Jesse Eastman, Fort Collins Nursery
Vegetable gardening is the perfect activity for everyone from first-timers to seasoned pros. Even the most experienced gardeners learn something new every year, and there’s no single right way to do it. With that in mind, here are a few tips to level up your garden this year:
Switching from hand watering to drip irrigation was a game-changer for me. Applying exactly the same amount of water every time on a consistent schedule makes for healthier plants than my sometimes inconsistent hand watering. Applying water to the base of each plant instead of overhead watering reduces a variety of fungal issues. Drip is efficient, dramatically reducing water waste due to wind and evaporation. Plus, the time saved on watering can be spent on other tasks.
Installing mulch (anything that creates a protective layer between the air and the soil) makes life in a garden much easier. Mulch prevents weeds from taking over by blocking sunlight from reaching newly sprouted weedy plants. It keeps soil from heating and baking in the midday sun, reducing stress on plant roots and reducing water evaporation. While any type of mulch will be beneficial, my preferred mulch in a vegetable garden is sterile straw mulch, since it decomposes quickly after the gardening season is over, adding organic matter to the soil for next year.
There are a lot of ways to protect tender young plants from frost and freeze, but they all serve essentially the same goal – get your garden started earlier to extend the growing season. The simplest protection is floating row cover. This is simply a lightweight translucent fabric that traps warm air close to the ground over your plants. The warm air helps your plants grow and warms the soil, encouraging root growth in young plants. Other options include Season Extenders (aka Wall O’ Water) which utilize water-filled cylinders to create a mini solar-powered radiant greenhouse for individual plants or Hot Caps which are ideal for protecting clusters of seedlings like squash and pumpkins. Northern Colorado can still get extremely cold nighttime temps in early spring, be prepared to provide extra protection such as layers of row cover, tarps, or buckets in addition to existing frost protection.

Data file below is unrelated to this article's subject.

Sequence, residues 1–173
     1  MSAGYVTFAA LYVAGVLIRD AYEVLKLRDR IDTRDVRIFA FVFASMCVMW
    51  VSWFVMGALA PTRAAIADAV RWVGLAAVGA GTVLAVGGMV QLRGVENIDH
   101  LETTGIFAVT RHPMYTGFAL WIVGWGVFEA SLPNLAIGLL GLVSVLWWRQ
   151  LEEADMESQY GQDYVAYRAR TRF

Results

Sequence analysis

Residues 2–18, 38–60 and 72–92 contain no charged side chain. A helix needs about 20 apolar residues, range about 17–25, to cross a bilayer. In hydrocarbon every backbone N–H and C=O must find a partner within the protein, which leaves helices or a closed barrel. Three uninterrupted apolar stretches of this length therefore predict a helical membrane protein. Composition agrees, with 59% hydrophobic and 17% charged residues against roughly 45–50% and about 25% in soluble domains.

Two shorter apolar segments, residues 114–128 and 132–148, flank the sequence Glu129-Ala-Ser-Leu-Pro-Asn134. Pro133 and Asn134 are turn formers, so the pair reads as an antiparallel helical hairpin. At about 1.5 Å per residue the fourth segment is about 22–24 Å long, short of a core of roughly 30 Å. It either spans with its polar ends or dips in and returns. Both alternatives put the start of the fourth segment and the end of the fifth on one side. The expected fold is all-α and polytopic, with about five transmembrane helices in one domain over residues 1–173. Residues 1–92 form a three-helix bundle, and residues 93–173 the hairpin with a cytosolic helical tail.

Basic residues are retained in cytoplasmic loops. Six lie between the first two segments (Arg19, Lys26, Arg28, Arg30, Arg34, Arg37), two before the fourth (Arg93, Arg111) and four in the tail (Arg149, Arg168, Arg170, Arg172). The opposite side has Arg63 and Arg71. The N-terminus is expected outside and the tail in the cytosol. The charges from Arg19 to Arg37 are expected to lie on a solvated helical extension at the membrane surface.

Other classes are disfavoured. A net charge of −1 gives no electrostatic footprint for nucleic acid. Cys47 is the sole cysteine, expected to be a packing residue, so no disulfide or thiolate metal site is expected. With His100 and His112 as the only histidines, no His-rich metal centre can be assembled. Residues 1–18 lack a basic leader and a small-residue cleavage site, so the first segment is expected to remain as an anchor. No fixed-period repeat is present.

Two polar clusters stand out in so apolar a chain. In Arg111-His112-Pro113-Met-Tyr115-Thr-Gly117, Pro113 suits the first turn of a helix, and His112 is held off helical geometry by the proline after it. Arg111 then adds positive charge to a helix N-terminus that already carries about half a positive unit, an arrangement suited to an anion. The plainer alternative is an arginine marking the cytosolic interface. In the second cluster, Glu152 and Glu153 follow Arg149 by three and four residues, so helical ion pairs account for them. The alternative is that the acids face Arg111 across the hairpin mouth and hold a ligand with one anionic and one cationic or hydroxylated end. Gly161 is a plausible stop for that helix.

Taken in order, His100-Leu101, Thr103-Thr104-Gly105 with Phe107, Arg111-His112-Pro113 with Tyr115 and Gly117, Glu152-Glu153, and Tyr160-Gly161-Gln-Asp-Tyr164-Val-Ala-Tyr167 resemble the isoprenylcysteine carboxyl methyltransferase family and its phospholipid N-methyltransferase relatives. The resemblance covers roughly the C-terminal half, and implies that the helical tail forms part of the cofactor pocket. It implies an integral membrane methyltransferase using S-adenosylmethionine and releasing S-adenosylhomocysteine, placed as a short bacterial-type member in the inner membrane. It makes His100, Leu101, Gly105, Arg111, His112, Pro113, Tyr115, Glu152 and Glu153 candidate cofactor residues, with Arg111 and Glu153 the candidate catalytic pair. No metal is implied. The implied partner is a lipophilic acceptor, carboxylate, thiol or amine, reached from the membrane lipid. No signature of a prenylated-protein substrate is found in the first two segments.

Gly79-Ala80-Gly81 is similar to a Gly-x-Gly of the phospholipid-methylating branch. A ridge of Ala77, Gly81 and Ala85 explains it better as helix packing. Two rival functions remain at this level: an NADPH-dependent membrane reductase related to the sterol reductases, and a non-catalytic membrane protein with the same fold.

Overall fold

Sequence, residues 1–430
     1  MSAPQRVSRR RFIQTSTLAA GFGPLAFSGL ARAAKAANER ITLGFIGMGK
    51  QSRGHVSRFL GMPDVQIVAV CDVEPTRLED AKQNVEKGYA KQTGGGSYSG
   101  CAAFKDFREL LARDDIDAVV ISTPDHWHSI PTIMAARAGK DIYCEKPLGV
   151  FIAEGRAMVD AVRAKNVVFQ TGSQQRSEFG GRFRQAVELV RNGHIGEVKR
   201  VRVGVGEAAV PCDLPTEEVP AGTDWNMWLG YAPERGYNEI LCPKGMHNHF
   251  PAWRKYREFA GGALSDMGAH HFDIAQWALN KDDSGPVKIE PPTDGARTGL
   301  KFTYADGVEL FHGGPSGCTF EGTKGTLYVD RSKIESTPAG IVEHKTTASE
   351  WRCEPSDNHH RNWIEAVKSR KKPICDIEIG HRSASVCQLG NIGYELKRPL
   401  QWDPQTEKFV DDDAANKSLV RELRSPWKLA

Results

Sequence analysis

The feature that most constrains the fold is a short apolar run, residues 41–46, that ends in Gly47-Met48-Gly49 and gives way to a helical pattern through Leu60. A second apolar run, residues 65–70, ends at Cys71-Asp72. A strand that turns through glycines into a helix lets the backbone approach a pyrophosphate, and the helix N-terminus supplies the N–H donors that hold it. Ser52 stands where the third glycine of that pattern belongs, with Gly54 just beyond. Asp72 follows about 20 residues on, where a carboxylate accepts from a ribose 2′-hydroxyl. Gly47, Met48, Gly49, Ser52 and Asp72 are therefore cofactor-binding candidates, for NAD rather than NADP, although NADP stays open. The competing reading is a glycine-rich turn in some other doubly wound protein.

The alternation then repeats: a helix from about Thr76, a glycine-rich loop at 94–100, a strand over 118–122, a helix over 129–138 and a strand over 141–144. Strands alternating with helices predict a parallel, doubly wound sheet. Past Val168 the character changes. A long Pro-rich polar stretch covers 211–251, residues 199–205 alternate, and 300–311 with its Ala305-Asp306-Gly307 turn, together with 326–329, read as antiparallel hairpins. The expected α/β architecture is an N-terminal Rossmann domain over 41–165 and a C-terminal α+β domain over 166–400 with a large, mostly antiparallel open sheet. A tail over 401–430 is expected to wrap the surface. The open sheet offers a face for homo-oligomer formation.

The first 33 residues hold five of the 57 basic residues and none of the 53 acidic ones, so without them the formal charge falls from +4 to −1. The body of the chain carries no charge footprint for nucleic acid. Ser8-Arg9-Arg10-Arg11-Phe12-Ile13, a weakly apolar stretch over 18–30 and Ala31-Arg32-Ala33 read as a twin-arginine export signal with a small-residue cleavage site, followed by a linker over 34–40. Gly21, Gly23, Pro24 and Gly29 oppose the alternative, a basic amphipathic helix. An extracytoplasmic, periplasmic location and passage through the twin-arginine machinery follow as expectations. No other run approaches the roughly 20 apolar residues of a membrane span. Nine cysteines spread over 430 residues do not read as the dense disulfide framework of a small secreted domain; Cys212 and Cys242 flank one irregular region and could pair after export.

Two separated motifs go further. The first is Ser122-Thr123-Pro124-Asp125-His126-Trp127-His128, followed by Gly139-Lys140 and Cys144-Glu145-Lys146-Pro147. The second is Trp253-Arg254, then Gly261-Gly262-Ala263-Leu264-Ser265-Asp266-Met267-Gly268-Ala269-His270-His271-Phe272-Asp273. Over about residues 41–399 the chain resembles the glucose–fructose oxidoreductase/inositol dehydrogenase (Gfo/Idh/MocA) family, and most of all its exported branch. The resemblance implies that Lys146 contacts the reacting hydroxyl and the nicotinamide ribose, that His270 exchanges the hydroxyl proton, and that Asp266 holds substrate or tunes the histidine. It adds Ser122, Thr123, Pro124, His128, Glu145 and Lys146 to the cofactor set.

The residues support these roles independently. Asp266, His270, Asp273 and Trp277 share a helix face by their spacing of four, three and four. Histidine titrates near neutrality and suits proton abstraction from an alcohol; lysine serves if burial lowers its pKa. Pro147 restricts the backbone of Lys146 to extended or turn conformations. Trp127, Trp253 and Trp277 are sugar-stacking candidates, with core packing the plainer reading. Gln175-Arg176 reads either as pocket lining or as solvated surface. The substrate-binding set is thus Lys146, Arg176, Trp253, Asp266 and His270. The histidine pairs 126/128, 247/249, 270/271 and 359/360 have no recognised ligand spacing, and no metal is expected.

Even soil that is rich and dark soil with lots of organic matter can have issues that will inhibit healthy plant growth such as high salt levels or nutrient excesses or deficiencies. Many beginner gardeners will add compost, manure, or fertilizer to a garden that is underperforming, not realizing these elements in excess may be causing the very problem they’re trying to fix. Colorado State University provides soil testing for home gardeners that analyzes all of the most common traits that affect home vegetable gardens and gives recommendations for the best way to resolve any problematic results. Their soil collection kits are available for free at most independent garden centers, you just collect your soil according to the instructions, send it into the soil lab, and they bill you for whichever type of analysis you choose. This isn’t something that needs to be done every year, but if your garden is struggling in spite of your best efforts, it is a far better approach than “add more compost and hope that fixes everything!”